When you dropped your kids off at college, were you the one dragging your heels? This generation of parents has been described as clinging, especially when they refuse to leave the campus. In fact, a number of college administrators have introduced blunt language into orientation schedules, including a specific time to say goodbye. The message is clear: release your anxieties and your adult children to this adventure, and enjoy the ride yourself. The lesson, not taught in the traditional curriculum, is about letting go.
Some colleges have developed parents-only workshops for those who are intensely involved in their child’s academic career. Liaisons give explicit advice on how to minimize the pain of separation and hovering behaviors. Does all this feel like a conspiracy to exclude you? After all, it’s almost as big a transition for you as for your kids. But as you say goodbye to your adult kids, here are tips about learning to say hello to yourself:
1. Recognize that you may feel ambivalent about this new chapter. Bond with friends as you discuss your situation with those who care about what you’re going through. You’ll discover that you have a lot in common and that they feel the same about their own experiences – this can be validating and comforting.
2. Give yourself an emotional break and watch what happens. Understand that you are still needed, although not in the same way. Stepping back from your parenting responsibilities means giving up the family role you’ve played so far. Sit back and enjoy the fruits of your labor. And breathe in deeply as you appreciate this opportunity to create different relationships within your family.
3. Practice letting go. Cry if it helps – it’s natural to feel plenty of emotion at this turning point. Try to visualize one door closing and another door opening. Relax into feeling more calm and carefree. Let yourself get excited by the possibility of exploring what you want to do with all the free time you now have.
4. Decide to write regularly in a journal. As you think about what’s happening in your life right now, realize that you, too, are on a more independent path. By identifying and dealing with what is going on for you emotionally, you’ll learn to take more control over this process of change. Make an inventory of your assets including what you have done and the value you have created in the past as a family member, co-worker and friend.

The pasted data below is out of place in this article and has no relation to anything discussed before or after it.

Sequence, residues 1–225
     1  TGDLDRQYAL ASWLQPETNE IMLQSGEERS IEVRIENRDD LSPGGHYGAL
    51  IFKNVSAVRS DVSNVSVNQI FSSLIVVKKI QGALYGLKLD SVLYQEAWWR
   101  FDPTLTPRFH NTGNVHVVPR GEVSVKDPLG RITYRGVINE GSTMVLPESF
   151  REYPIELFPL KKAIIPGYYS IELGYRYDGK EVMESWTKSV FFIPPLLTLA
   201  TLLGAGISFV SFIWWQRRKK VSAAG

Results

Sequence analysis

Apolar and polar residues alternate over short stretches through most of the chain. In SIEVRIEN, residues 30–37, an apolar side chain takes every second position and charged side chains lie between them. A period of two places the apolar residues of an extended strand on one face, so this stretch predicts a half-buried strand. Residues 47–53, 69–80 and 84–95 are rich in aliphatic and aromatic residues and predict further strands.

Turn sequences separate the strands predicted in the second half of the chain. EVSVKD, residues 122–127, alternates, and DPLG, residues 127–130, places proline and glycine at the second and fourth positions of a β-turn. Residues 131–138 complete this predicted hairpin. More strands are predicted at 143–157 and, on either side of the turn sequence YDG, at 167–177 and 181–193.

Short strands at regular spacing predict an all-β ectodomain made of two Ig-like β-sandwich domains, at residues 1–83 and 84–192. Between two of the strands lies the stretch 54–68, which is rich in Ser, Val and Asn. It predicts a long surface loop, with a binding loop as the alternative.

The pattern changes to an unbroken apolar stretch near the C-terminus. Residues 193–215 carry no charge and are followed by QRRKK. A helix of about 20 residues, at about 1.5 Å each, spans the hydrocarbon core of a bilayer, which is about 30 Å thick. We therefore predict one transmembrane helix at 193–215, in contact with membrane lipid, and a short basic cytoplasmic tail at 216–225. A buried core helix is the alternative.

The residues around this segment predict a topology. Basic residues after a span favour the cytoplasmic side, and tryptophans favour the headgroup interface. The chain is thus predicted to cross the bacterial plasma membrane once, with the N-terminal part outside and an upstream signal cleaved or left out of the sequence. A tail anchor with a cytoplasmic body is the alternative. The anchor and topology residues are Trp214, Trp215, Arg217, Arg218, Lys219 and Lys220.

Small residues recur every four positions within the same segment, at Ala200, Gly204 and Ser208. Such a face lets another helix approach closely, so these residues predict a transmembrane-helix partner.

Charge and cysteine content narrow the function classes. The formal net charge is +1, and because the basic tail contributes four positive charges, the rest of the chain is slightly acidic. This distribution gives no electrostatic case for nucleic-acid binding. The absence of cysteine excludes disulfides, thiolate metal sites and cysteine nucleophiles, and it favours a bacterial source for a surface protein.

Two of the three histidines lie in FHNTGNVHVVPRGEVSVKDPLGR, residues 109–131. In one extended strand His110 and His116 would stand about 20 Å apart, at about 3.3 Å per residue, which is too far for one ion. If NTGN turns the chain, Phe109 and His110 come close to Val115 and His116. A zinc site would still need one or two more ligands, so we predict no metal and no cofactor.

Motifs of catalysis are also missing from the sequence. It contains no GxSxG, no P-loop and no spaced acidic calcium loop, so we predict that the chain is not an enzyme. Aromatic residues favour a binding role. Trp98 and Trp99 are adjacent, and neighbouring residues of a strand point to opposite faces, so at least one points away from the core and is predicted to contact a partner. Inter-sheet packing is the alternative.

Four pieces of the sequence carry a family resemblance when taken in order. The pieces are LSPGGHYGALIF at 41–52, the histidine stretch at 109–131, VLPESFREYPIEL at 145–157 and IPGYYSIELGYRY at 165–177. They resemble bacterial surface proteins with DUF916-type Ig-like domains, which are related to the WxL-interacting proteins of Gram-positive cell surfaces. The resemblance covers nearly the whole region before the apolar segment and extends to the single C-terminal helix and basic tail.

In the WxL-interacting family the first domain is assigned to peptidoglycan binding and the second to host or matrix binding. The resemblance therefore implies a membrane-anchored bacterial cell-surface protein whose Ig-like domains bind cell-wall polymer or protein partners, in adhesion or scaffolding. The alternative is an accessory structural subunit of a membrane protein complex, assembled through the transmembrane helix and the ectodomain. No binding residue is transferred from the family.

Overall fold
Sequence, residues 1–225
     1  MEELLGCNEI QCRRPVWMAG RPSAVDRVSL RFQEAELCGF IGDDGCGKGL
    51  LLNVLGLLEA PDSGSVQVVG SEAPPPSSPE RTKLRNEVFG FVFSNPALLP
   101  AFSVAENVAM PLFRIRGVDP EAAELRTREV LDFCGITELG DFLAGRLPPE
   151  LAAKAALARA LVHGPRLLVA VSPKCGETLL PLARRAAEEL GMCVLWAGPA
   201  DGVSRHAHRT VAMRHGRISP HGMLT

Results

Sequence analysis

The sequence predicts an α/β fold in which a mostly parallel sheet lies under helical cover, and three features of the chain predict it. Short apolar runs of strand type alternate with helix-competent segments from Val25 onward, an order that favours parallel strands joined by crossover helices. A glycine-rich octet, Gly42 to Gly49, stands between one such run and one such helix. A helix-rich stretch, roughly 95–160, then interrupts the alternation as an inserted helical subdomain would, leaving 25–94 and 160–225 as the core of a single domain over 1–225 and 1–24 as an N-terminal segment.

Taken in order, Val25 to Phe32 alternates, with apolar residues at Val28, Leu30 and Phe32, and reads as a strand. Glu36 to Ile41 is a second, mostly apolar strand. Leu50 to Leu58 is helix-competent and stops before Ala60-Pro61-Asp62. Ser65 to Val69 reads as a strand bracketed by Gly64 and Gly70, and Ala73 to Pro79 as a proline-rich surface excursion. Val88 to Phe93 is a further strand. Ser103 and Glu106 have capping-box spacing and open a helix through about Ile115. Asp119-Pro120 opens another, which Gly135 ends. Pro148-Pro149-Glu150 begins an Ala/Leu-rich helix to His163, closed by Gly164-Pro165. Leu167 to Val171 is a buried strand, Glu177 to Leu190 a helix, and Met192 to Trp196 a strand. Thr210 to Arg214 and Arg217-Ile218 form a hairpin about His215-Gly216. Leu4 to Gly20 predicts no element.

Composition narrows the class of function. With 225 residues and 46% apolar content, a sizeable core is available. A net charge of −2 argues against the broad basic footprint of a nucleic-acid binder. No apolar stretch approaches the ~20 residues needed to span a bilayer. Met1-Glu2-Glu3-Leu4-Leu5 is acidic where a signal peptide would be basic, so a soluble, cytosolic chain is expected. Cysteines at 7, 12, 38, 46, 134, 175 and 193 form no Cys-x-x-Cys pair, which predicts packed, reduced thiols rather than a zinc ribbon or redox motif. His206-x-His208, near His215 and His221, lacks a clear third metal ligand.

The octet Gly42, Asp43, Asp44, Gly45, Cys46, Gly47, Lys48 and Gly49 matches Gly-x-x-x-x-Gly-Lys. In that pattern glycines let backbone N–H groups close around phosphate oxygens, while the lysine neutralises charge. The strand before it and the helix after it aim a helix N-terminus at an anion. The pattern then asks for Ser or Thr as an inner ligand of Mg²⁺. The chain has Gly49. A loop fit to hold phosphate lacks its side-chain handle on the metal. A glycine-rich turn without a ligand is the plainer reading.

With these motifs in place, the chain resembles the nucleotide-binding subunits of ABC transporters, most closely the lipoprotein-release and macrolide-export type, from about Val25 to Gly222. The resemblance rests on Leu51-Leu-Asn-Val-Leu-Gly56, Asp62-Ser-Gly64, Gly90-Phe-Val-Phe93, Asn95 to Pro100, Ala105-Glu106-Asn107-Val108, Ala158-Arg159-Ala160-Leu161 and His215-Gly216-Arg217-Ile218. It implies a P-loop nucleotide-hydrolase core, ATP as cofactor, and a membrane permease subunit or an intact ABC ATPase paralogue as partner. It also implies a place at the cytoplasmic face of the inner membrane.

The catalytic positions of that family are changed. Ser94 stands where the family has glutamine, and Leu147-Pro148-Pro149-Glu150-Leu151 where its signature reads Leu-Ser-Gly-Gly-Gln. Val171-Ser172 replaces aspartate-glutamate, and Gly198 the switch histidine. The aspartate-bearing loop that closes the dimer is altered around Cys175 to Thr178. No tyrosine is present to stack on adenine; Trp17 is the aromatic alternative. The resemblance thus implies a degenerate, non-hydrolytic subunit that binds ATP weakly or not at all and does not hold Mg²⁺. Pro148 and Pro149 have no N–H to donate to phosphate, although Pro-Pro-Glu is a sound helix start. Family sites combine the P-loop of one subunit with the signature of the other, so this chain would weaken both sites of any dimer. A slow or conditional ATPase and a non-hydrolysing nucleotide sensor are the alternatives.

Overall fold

5. Engage in an active process of learning more about what you want to do. What nurtures your creative thinking? What stimulates your curiosity? Identify your natural talents. What comes so easily you often don’t notice it? How about the acquired skills you have used successfully? Think about what you consider to be your greatest personal strengths. These could encompass, among others, attributes as diverse as a love of learning, a sense of humor, loyalty to others.
6. Discover what you feel passionate about. What do you really value and care about? What are your dreams? What do you imagine is your life purpose now? Take advantage of the extra time and follow your dream of returning to school or changing jobs. Join a hiking group, volunteer program or exercise class. Take up bridge or yoga. Put yourself front and center for a change.
7. Consider how others view you and your contributions. Who uses you as a role model and why? What in your life experience has led you to wisdom? Honor these insights and find ways to share what you already know well with others who could benefit.
Now, finally, it’s about you. So decide to make a start – any start. Write out some specific goals and break them down into manageable short term objectives. Reflect on their purpose and what that means to you. Consider your character strengths and personal resources – and how they will help you achieve your goals. And when packing for Parents’ Weekend, don’t forget to take along your new attitude. It will help ease your kid’s mind about how you’re adjusting.
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